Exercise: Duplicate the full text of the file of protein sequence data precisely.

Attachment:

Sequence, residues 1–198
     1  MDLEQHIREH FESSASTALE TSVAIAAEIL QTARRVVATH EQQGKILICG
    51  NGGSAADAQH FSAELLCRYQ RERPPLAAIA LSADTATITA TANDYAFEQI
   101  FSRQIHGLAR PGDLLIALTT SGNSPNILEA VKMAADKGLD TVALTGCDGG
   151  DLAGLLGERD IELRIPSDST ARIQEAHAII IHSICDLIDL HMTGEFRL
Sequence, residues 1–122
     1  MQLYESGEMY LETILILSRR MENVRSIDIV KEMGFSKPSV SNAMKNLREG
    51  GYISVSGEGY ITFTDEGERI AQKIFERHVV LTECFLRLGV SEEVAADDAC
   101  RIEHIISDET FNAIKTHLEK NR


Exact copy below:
Sequence, residues 1–198
     1  MDLEQHIREH FESSASTALE TSVAIAAEIL QTARRVVATH EQQGKILICG
    51  NGGSAADAQH FSAELLCRYQ RERPPLAAIA LSADTATITA TANDYAFEQI
   101  FSRQIHGLAR PGDLLIALTT SGNSPNILEA VKMAADKGLD TVALTGCDGG
   151  DLAGLLGERD IELRIPSDST ARIQEAHAII IHSICDLIDL HMTGEFRL
Sequence, residues 1–122
     1  MQLYESGEMY LETILILSRR MENVRSIDIV KEMGFSKPSV SNAMKNLREG
    51  GYISVSGEGY ITFTDEGERI AQKIFERHVV LTECFLRLGV SEEVAADDAC
   101  RIEHIISDET FNAIKTHLEK NR